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Saving the Old West

CO - Drive down White Hill Road in Carbondale and look east. You’ll be treated to a beautiful vista, reminiscent of the Old West and uninterrupted by the signs of development that have become common in this part of the state.
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Saving the Old West


Breaking traditions

Drive down White Hill Road in Carbondale, CO, and look east. You’ll be treated to a beautiful vista, reminiscent of the Old West and uninterrupted by the signs of development that have become common in this part of the state. Stretching before you is Carbondale’s East Mesa – 3,000 acres of working ranchland and wildlife habitat that connect to the public lands at the base of snow-topped Mount Sopris.

Perched on this mesa hanging over Carbondale, is the cattle ranch of John Nieslanik; land that has been in his family since 1957 and ranched since 1890. Mr. Nieslanik’s ranch was important enough to the Aspen Valley Land Trust (AVLT) that the organization broke with its 38-year tradition of only accepting donated easements and purchased the easement on the ranch for $1 million. The easement, which represents 5 years of hard work by the land trust and the family, preserves 166 acres for ranch and open space.

John Nieslanik and his four sons
John Nieslanik (center) and his four sons
Photos courtesy Aspen Valley Land Trust

Why did the land trust break their tradition and purchase the easement? Suzanne Fusaro, a project specialist with AVLT explains, “We’ve always done extremely well with donated easements. Neighbors talk to neighbors and work with us to assemble a critical mass of conserved land. This was a unique circumstance, because if the Nieslanik land was developed, there was a good chance that all of the 2,500 acres of private land on the mesa would be developed.” The agricultural viability of the East Mesa depends on all of it being available for ranching. 

Assessing the mesa’s fate

Although the East Mesa is divided into multiple ownerships, its fate must be addressed as a whole. If one property were to be developed the agricultural viability of the remaining properties would be seriously jeopardized.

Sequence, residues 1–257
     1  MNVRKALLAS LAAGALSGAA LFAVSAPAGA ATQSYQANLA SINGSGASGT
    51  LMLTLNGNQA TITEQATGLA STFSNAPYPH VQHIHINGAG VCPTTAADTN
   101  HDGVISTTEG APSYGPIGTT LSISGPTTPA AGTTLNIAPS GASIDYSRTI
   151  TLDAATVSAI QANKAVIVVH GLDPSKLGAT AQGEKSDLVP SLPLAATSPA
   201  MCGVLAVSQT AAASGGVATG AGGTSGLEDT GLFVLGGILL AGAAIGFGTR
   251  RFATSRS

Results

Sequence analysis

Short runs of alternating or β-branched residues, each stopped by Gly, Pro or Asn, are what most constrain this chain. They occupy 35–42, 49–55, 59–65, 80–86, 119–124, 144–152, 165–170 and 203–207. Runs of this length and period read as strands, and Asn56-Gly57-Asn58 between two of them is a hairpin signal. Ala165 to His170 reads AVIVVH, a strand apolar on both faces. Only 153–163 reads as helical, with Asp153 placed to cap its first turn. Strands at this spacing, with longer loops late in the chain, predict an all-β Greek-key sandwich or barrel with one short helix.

The money for this project has been raised by a number of sources, including grants from the U.S. Department of Agricultures Farm and Ranchland Protection program, Great Outdoors Colorado, the Colorado Conservation Trust, The Environment Foundation of the Aspen Skiing Co. and River Valley Ranch homeowners.

Joining together to protect communities, way of life

Conservation easements are playing an increasingly important role in helping ranchers and farmers hold on to their land in Colorado. Faced with soaring property values and intense development pressure, land owners are turning to easements as a way relieve tax burdens and keep land in families. In 2005 AVLT completed 40 conservation projects which protected 3,600 acres. AVLT calls it “domino effect conservation” – neighbors joining together to place significant parcels of working ranch land under protection. Once one piece of land is protected, others fall into place, preserving land important to the community, as well as its way of life.

This is exactly what land trusts have long strived to do, bring local people together to protect the lands that are significant in their own community. To find a land trust near you, be sure to visit the Land Trust Alliance’s Find a Land Trust section of their website.

According to Fusaro, AVLT goal is to help ranches stay operational.  “We’re hoping to give them the best shot possible by keeping the agricultural community intact,” she says.

by Mary Ellen Kelly

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